By STEVEN NALLEY
Mississippi State University representatives confirmed that Noel Polk, a renowned literary scholar, journal editor and professor emeritus in MSU’s English department, died Tuesday.
Polk was known around the world for his studies of William Faulkner, Eudora Welty and other Southern authors. During his career, he wrote more than 25 published books, taught at both MSU and the University of Southern Mississippi and served as editor for journals at both universities. He was 69.
Rich Raymond, head of the MSU Department of English, said Polk was not only an asset to MSU, but also to the community. He said he will dearly miss his colleague and friend.
“The last time I saw Noel was in November before I traveled to Kosovo. I was in Europe for six months. Noel wanted to have dinner with my wife and I,” Raymond said. “I didn’t know then that it would be the last time I saw him. While in Kosovo, I found myself praying for his recovery. We’ve all been grieving.”
Born in Picayune in 1943, Polk earned his bachelor’s and master’s degrees from Mississippi College before earning his Ph.D. from the University of South Carolina.
Nancy Hargrove, a professor emeritus and lecturer in MSU’s Shackouls Honors College, said she has known Polk since attending school with him in South Carolina.
“We actually retired the very same summer, just a few months apart,” Hargrove said. “He was a very humorous person who had a wonderful, dry wit and a great sense of humor. He was a terrific Faulkner and Welty scholar and a brilliant person. As a colleague, he always did his part and more. He was really a perfect person.”
Polk spent 27 years as an English professor at USM and editor of “The Southern Quarterly,” a USM-published arts journal. Raymond said Polk then joined the MSU Department of English in fall 2004. Polk also became editor of MSU’s own scholarly journal, “Mississippi Quarterly,” maintaining the position after retiring from teaching.
“To get someone like Noel was absolutely amazing,” Raymond said. “I was amazed at how widely known he is around the world.”
In the summer before Polk came to MSU, he was the featured speaker at an international conference on William Faulkner sponsored by the Japanese William Faulkner Society in Tokyo. He was also named a Fulbright Senior Scholar at the University of Lodz, Poland in 2005, lecturing for five weeks on the works of Faulkner and Eudora Welty.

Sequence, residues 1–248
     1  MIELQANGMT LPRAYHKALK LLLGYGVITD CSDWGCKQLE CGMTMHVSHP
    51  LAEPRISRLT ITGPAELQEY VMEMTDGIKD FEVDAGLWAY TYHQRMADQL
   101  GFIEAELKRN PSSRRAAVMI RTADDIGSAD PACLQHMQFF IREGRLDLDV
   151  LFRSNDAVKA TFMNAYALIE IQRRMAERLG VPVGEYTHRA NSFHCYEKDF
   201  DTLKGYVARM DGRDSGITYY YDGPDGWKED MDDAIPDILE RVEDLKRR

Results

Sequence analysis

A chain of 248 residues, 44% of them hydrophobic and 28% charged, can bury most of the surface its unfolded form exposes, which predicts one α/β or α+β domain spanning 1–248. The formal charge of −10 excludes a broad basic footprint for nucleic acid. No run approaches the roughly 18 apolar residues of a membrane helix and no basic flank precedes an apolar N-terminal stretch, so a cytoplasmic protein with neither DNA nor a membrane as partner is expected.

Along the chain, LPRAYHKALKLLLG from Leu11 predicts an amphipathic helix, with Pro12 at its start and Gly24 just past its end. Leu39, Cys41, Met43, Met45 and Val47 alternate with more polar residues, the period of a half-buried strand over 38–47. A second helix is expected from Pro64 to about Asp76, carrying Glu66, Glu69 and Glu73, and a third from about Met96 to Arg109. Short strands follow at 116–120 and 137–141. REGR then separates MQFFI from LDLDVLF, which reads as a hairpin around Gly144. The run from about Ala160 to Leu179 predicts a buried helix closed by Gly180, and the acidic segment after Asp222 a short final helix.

“He’s lectured in many countries all over Europe and Asia, but he was very generous with his time here locally, including his time with Starkville Reads,” Raymond said. “A lot of eminent scholars like that are not available for local folks, but that was not the case with Noel. He was a kind, unassuming man who didn’t have an arrogant bone in his body. He was simply a great man.”
Polk was a founder of the Mississippi Institute of Arts and Letters and a member of Starkville Reads’ board together with Hargrove. She said Polk loved Starkville Reads, bringing in several different presenters.
“He was very much involved in the everyday life of his community and state,” Hargrove said. “He always had something to say, and he wasn’t a person who backed down from his beliefs. He was not afraid to take a stand for what was right and what he believed in, even if he knew it wasn’t a popular stand to take. He had a lot of people who admired him for those qualities.”
In 2006, Polk won the Richard Wright Literary Excellence Award for his body of work. Welty herself was a past Wright honoree, along with Willie Morris, John Grisham, Margaret Walker Alexander, Shelby Foote and retired MSU history professor John Marszalek.
Polk was also a co-editor of a recent Folio Society edition of Faulkner’s “The Sound and the Fury.” Released in summer 2012, this limited edition uses color-coded text to track the book’s shifts in time, a feature Faulkner wanted to implement in the book’s original edition but could not due to publishing technology limitations.
Polk’s published books include “Children of the Dark House: Text and Context in Faulkner” (1996), “Eudora Welty: A Bibliography of Her Work” (1993), “Outside the Southern Myth” (1997) and “Walking Safari or, The Hippo Highway and Other Poems” (2012), the last of which won the 2011 Texas Review Press’s Southern Poetry Breakthrough Series: Mississippi.
News editor Carl Smith contributed to this report.